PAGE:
karṇa-dhāraḥ—captain of the ship; iva—like; apāre—in the extensive oceans; bhagavān—representative of the Lord; pāra-darśakaḥ—one who can give directions to the other side; atha—thus; ābabhāṣe—began to say; bhagavān—the godly personality; nāradaḥ—the great sage Nārada; muni-sat-tamaḥ—the greatest among the devotee philosophers.
You are like a captain of a ship in a great ocean and you can direct us to our destination. Thus addressed, the godly personality, Devarṣi Nārada, greatest of the philosopher devotees, began to speak.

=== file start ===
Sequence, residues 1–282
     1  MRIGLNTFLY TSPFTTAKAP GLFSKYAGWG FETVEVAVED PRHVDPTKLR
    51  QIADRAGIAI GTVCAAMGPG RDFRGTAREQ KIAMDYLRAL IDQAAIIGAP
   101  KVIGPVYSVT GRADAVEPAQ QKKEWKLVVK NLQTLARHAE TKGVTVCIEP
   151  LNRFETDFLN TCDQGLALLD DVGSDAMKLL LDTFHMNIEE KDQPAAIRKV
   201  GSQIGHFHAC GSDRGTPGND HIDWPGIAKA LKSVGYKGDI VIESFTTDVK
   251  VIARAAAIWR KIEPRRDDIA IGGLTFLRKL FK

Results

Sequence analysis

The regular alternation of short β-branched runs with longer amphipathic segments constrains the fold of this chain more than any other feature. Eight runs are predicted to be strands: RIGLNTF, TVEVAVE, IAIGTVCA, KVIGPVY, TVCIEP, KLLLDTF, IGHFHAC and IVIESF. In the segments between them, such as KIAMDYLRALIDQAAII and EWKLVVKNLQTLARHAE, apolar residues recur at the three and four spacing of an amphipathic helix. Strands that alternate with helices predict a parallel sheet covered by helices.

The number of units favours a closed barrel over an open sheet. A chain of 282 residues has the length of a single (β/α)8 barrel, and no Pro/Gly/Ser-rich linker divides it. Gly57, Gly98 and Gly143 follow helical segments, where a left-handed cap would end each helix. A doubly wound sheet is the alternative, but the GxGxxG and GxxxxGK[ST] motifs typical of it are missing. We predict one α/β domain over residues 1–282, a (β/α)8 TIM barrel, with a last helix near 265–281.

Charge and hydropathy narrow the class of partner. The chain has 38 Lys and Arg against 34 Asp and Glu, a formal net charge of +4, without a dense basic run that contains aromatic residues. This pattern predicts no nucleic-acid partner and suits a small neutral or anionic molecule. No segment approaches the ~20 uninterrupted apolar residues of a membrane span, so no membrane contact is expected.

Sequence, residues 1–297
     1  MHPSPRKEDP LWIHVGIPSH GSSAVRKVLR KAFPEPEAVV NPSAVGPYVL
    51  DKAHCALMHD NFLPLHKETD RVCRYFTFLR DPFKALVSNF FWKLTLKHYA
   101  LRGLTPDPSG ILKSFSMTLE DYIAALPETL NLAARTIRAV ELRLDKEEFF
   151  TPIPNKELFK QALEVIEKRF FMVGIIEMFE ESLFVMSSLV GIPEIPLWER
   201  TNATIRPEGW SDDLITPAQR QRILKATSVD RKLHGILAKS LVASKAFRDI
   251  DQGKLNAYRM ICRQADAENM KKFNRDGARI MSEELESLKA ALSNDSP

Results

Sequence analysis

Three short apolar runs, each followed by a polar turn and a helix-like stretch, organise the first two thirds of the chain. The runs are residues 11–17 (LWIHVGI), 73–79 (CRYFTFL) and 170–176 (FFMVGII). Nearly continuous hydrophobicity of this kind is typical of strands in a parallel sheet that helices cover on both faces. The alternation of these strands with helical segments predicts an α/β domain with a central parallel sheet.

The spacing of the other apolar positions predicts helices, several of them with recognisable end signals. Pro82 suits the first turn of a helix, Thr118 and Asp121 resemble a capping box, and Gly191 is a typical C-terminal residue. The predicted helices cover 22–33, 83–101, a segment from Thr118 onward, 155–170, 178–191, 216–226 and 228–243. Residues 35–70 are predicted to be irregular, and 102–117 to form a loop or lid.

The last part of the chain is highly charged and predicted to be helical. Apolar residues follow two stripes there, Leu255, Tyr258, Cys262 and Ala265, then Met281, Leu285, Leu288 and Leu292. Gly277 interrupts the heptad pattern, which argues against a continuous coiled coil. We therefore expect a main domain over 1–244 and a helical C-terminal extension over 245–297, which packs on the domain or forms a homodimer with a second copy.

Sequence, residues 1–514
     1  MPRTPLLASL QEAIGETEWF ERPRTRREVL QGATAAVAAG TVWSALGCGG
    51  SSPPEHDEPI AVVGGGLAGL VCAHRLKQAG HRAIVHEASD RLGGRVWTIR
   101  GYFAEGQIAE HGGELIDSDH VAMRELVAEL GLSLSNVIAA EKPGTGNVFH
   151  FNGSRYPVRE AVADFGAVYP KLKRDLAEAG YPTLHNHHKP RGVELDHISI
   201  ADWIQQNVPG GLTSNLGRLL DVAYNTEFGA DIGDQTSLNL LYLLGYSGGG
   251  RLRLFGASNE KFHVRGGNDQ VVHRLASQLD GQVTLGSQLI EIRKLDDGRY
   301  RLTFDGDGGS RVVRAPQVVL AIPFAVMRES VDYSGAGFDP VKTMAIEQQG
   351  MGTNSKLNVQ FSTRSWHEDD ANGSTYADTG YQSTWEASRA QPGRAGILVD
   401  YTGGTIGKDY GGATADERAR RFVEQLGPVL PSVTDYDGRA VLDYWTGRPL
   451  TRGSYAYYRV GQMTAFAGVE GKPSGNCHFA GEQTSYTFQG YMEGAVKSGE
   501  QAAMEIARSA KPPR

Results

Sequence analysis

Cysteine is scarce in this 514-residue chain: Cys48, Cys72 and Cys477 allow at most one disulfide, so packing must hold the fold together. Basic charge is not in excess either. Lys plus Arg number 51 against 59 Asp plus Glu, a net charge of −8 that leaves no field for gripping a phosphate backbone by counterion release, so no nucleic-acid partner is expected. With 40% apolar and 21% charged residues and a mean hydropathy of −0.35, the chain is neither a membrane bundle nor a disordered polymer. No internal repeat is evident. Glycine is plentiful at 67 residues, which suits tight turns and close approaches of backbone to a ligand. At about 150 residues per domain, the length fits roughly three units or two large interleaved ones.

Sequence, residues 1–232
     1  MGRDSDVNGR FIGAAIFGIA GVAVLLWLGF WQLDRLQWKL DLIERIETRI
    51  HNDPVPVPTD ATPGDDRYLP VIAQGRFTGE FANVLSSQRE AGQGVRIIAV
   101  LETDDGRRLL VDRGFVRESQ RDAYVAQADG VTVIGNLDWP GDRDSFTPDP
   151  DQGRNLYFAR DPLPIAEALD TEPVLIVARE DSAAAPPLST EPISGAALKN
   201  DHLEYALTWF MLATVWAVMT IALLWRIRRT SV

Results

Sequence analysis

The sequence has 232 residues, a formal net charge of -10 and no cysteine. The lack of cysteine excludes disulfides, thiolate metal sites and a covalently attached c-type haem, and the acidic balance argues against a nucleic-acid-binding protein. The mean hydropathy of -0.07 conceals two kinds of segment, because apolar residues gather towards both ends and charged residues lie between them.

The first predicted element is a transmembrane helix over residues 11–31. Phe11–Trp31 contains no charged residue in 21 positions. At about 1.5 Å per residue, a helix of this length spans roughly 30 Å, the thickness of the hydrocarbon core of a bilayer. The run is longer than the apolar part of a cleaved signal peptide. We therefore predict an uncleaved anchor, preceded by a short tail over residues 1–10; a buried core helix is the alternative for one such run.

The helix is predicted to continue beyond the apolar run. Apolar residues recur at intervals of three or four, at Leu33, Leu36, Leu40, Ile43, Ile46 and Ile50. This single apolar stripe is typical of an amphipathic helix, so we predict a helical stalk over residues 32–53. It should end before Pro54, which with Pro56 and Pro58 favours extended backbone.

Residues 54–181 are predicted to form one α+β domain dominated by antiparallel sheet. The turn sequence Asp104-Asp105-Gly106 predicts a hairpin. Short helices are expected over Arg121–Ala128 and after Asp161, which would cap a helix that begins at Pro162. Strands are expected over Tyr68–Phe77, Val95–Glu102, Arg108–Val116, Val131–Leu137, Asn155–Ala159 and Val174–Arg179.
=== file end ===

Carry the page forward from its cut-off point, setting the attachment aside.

There are different types of philosophers, and the greatest of all of them are those who have seen the Personality of Godhead and have surrendered themselves in the transcendental loving service of the Lord. Among all such pure devotees of the Lord, Devarṣi Nārada is the chief, and therefore he has been described herein as the greatest of all philosopher devotees. Unless one has become a sufficiently learned philosopher by hearing the Vedānta philosophy from a bona fide spiritual master, one cannot be a learned philosopher devotee. One must be very faithful, learned and renounced, otherwise one cannot be a pure devotee. A pure devotee of the Lord can give us direction towards the other end of nescience. Devarṣi Nārada used to visit the palace of Mahārāja Yudhiṣṭhira because the Pāṇḍavas were all pure devotees of the Lord, and the Devarṣi was always ready to give them good counsel whenever needed.
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